Banks Spurn Pleas to Cut Rates by Raising Cost of Mortgages
Hughes, Kate, The Independent (London, England)
Abbey, Nationwide, Halifax and Northern Rock all hike their rates MPs plan motion in Parliament urging banks to pass on benefits
Mortgage lenders are ignoring pleas from the Government and consumer groups to honour the terms of recent emergency bailouts and pass on this week's expected Bank of England base rate cut - instead pre-empting the decision by increasing rates for new customers.
Despite a substantial base rate cut on the cards, Abbey has increased the rates on its tracker products by up to 0.5 percentage points. Nationwide has increased its tracker rates by up to 0.4 percentage points, Halifax has withdrawn its two- and three-year trackers and increased its five-year tracker by 0.5 percentage points, and Northern Rock has increased its two-year tracker by 0.15 percentage points. Meanwhile, HSBC has said that there would be some "stickiness" in passing on any cut.
A group of MPs is organising a motion in Parliament urging all UK banks to pass the benefits on to cash-strapped consumers, at the same time as urging the Monetary Policy Committee to significantly cut the base rate.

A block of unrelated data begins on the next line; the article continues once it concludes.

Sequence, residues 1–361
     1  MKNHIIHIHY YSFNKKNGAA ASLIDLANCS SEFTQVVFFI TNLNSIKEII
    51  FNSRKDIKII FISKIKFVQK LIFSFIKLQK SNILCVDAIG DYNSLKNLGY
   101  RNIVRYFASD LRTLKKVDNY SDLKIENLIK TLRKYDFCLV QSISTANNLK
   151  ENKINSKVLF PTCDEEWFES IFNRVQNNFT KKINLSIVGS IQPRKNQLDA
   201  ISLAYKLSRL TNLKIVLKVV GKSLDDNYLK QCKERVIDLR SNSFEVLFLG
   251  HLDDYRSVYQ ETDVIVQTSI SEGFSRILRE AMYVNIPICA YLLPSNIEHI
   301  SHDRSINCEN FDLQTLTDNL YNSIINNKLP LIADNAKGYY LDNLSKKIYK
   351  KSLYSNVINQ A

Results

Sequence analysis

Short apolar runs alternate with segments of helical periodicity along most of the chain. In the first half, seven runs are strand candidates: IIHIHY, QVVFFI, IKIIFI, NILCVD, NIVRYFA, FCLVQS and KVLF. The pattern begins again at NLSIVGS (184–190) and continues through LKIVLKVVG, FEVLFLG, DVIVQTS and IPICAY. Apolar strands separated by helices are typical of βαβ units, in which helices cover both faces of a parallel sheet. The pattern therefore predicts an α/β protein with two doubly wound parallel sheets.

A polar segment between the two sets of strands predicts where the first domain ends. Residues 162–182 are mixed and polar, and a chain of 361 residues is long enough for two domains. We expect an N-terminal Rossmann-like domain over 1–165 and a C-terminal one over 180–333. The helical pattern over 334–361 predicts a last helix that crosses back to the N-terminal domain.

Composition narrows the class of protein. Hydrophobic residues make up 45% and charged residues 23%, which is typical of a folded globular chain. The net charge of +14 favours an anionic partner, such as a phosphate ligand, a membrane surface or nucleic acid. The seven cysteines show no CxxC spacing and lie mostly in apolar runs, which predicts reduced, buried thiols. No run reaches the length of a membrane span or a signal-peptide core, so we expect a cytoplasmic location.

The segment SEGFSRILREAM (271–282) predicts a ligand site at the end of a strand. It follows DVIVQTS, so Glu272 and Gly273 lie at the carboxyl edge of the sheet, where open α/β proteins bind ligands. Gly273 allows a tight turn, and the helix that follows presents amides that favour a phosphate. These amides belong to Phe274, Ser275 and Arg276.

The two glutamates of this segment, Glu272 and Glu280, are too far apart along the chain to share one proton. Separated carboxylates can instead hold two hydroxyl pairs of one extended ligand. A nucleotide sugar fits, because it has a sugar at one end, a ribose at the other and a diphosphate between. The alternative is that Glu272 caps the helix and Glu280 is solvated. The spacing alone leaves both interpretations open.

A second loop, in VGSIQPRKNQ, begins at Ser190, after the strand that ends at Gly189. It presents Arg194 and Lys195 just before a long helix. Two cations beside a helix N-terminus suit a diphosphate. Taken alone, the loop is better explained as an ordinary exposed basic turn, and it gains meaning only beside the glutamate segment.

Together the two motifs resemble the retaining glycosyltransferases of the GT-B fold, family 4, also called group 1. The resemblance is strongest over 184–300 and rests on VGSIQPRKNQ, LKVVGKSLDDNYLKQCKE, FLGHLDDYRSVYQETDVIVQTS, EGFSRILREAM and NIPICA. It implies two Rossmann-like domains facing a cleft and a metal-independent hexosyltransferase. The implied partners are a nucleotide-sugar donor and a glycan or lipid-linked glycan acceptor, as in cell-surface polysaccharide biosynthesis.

The Business Secretary, Lord Mandelson, told the BBC's Today programme yesterday: "When official rates are being cut, it is not unreasonable for customers to see some benefit from that. When the Government bailed out some high street banks, including the Royal Bank of Scotland, Lloyds TSB and HBOS, by taking a 37bn stake in them, one of its conditions had been for these institutions to restore credit lines. If it appeared that the banks were standing in the way between what the Government is doing and how the public wants to benefit, then many banking customers are going to be asking some difficult questions of the banks."
But the days when a base rate cut almost guaranteed the same saving for homeowners seem long gone. Last month, only 24 of the UK's 88 lenders passed on the full half-point cut in the base rate, just 27 per cent of the market; 33 only managed a partial rate cut, and the remaining 31 lenders failed to make any cuts at all.
Doug Taylor, personal finance campaign manager for the consumer watchdog Which?, said lenders appear to be unreasonably exploiting their position: "Consumers will look aghast at lenders who, faced with a cut in base rate, actually increase their lending rates. It is hard to believe that the sector could devalue its reputation any more but it seems to have found a way to do that."
The failure of lenders to follow the lead likely to be shown by the Bank's Monetary Policy Committee tomorrow is all the more surprising given the easing in interbank borrowing rates. The key three-month sterling Libor has declined to below 6 per cent over the past month, while the overnight rate dropped slightly yesterday. Observers expect more reductions to come, as central banks around the world aggressively cut rates. …